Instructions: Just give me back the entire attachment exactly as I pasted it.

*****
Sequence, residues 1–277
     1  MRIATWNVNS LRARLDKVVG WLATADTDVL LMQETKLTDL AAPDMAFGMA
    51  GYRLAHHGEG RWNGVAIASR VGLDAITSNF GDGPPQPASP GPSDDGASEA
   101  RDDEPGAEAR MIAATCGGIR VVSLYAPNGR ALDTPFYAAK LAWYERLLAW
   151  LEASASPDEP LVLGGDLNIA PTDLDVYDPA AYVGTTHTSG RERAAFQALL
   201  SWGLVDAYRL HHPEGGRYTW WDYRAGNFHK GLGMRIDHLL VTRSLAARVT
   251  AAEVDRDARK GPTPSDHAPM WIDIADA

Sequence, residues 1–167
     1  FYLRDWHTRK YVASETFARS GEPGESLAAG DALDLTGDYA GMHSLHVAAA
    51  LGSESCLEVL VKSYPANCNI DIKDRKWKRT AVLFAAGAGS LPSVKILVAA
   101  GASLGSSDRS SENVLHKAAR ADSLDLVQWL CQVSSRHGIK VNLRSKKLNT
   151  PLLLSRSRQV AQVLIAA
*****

Sequence, residues 1–277
     1  MRIATWNVNS LRARLDKVVG WLATADTDVL LMQETKLTDL AAPDMAFGMA
    51  GYRLAHHGEG RWNGVAIASR VGLDAITSNF GDGPPQPASP GPSDDGASEA
   101  RDDEPGAEAR MIAATCGGIR VVSLYAPNGR ALDTPFYAAK LAWYERLLAW
   151  LEASASPDEP LVLGGDLNIA PTDLDVYDPA AYVGTTHTSG RERAAFQALL
   201  SWGLVDAYRL HHPEGGRYTW WDYRAGNFHK GLGMRIDHLL VTRSLAARVT
   251  AAEVDRDARK GPTPSDHAPM WIDIADA

Sequence, residues 1–167
     1  FYLRDWHTRK YVASETFARS GEPGESLAAG DALDLTGDYA GMHSLHVAAA
    51  LGSESCLEVL VKSYPANCNI DIKDRKWKRT AVLFAAGAGS LPSVKILVAA
   101  GASLGSSDRS SENVLHKAAR ADSLDLVQWL CQVSSRHGIK VNLRSKKLNT
   151  PLLLSRSRQV AQVLIAA